FHI 360’s m4RH team presented their preliminary research findings at the International Confrence on Family Planning.  Their presentation explored the potential of mobile-phone-based programs to overcome barriers that young people face in accessing contraceptives. Below is an interview with the principle investigator Kelly L’Engle and co principle-investigator, Heather Vadhat.

 

 1. IYWG: Can you provide a brief overview of the m4RH program for our readers? What exactly is m4RH?

Kelly: m4RH is a family planning information service. Information about a range of short and long acting methods is provided via text message. There is also a searchable database of clinic locations where family planning services can be obtained. M4RH is opt-in, free to the user, an interactive or “ping-pong” system, and available across mobile phone provider inKenya and Tanzania.

2. IYWG: How popular are mobile phones among young people globally?

Heather: Very popular, it is estimated that 27% of the 5.9 billion mobile phone subscriptions world-wide are people under the age of 30.

3. IYWG: m4RH was designed to reach mobile phone users of all ages, but according to your presentation, it is quite popular among young people. What percentage of your users are youth?

Kelly: We only have data from Tanzania, so far. 15% of m4RH users inTanzaniawere 19 or younger during the pilot period. An additional 44% were 29 or younger. So that’s about 60% of all m4RH users who are youth and young adults.

4. IYWG: How are youth using m4RH?

Kelly: We know that young people are looking at a range of different contraceptive methods using m4RH. In fact, younger users access information about more methods in comparison to older m4RH users. Young people tend to be active and frequent information seekers about sexual and reproductive health, and m4RH seems to be supporting young people’s desires to learn about reproductive health by providing a high-quality and comprehensive range of information about contraception.

5. IYWG: Why are mobile phones a good platform for providing contraceptive information to young people?

Kelly: Mobile phones are private and confidential. Young people may stay away from clinics or conversations with health care providers or other adults, for fear of being stigmatized for seeking out information about reproductive health. m4RH provides an alternative method for learning about contraception that is private and confidential, and therefore m4RH may be especially helpful to young people who are thinking about their relationships and planning for the future.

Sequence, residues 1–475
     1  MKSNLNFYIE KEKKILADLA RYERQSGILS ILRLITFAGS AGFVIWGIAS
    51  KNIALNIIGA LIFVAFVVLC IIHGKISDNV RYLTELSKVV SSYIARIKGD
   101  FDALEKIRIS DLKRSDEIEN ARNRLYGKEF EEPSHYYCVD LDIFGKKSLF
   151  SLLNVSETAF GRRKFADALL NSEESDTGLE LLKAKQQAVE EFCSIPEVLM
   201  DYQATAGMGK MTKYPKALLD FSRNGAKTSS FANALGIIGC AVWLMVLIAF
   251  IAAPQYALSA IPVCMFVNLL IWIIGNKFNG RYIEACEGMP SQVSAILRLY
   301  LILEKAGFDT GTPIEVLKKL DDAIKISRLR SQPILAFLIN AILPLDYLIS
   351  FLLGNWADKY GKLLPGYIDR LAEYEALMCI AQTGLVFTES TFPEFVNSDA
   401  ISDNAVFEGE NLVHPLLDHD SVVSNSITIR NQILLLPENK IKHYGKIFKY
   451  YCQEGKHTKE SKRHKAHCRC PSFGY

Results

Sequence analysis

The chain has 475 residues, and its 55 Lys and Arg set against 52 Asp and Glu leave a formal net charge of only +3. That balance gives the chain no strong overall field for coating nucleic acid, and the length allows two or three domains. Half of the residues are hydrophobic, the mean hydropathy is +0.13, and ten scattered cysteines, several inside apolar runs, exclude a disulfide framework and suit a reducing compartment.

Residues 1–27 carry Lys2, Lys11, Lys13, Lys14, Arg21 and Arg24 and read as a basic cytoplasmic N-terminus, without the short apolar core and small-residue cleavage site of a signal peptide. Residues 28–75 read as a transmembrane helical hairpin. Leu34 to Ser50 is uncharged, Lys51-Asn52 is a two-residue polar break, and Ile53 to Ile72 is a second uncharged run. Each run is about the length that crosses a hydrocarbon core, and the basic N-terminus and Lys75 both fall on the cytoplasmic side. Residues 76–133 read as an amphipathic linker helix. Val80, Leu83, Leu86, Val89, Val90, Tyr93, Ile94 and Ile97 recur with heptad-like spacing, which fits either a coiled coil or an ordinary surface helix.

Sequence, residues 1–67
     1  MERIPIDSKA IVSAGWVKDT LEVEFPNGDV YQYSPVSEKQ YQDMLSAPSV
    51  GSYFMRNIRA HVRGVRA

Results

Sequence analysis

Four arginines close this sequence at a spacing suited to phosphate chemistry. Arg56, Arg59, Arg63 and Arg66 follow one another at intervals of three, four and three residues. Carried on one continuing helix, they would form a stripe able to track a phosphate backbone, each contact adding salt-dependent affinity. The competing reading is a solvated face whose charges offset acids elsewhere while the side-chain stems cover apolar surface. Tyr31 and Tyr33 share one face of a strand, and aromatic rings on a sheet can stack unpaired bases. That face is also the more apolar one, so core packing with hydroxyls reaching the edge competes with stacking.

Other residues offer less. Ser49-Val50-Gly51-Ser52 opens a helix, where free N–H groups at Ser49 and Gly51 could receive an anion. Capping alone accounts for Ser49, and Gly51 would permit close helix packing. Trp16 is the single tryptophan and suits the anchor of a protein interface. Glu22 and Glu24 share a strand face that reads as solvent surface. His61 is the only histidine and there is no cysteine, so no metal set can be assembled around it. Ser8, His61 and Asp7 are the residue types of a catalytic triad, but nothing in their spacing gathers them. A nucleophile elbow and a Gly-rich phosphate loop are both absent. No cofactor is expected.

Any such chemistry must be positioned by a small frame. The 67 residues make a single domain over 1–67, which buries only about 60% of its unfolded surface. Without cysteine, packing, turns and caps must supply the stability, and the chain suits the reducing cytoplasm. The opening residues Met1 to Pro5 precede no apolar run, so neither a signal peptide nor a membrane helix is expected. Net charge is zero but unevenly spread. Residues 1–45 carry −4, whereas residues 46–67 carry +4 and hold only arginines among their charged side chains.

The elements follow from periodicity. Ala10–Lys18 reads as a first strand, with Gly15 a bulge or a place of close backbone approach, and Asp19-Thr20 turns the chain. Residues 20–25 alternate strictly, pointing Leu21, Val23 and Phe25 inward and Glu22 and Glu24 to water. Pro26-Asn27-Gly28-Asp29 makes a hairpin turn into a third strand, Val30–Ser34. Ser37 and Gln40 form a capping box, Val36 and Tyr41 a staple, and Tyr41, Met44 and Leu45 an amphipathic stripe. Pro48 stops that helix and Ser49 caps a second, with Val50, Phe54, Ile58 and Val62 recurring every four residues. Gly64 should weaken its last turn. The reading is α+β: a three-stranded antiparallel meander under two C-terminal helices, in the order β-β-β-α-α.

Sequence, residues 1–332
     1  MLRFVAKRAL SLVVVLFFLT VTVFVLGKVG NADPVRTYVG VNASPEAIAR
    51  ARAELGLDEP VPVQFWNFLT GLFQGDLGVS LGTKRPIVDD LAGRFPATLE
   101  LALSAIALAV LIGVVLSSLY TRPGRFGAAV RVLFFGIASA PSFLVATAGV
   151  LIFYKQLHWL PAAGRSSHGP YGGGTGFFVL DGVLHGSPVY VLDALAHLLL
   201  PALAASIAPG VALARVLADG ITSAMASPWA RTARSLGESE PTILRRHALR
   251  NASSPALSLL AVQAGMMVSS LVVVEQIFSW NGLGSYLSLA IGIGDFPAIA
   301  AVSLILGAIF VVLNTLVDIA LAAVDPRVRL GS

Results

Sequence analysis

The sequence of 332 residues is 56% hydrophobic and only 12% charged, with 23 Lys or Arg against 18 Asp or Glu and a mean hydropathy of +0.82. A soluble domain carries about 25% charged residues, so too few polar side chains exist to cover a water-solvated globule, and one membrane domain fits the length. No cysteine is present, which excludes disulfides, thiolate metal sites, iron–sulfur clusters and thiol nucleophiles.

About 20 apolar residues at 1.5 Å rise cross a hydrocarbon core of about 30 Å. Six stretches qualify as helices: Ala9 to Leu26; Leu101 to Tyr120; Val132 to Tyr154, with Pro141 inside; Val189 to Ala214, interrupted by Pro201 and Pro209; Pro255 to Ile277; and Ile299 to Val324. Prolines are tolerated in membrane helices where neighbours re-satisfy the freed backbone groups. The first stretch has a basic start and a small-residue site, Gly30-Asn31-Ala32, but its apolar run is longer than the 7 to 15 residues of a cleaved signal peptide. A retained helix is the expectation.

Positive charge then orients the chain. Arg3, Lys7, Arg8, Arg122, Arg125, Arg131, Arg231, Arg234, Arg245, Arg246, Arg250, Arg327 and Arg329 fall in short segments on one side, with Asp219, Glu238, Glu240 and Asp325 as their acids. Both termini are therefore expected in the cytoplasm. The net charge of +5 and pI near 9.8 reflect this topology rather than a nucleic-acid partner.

6. IYWG: What are the barriers that young people face in accessing contraceptives?

Heather: Limited knowledge about contraceptive methods is a major barrier for young people; the next challenge is overcoming the common myths and misconceptions about contraception. Often young people are reluctant to seek information or clarification about contraception from a clinic setting because of concerns around privacy and confidentiality, cost of services, and provider biases.  Convenience of clinic locations and hours of operation is another challenge for many young people.

7. IYWG: Based on your research with users, how does m4RH seem to be addressing these barriers?

Heather: m4RH allows young people to learn basic information about many different contraception options and where to go to learn more. The service is free and available 24 hours a day, which addresses the convenience factor and the privacy afforded by using a mobile phone has been noted by many of our users as a key benefit of the system.

8. IYWG: m4RH is an informational service, yet your research shows that m4RH is not only increasing knowledge of contraceptive methods among young people but may also be leading to behavior change.

Kelly: That’s correct. When we asked m4RH users to report changes in family planning use after accessing m4RH, numerous changes in contraceptive behavior were reported. In most cases, accessing m4RH messages alone will not cause behavior change, but accessing m4RH messages in conjunction with exposure to other family planning information and health programming can result in positively impacting family planning behavior.

Young people reported many changes in condom use, which shows that mobile phones may be an effective platform for reaching youth with condom information, and m4RH provides an innovative method of reaching out to young people to complement usual ways of reaching youth with family planning and HIV prevention messages. Young m4RH users also reported changes in use of other contraceptive methods, suggesting that there is room for the adoption of a variety of coitally-dependent, short, and long acting contraceptive methods.

9. IYWG: What are the implications of this research on the field of youth sexual and reproductive health?

Kelly: We need to embrace using new technologies such as mobile phones to reach young people with SRH information, support, and services. A number of organizations in developing and developed countries are creatively reaching out to youth via the Internet, smartphones, and through SMS-based programs. Given the large numbers of young people in the world today, these technologies only offer the tremendous opportunity to empower millions of young people with essential information about their bodies and relationships and health.

 
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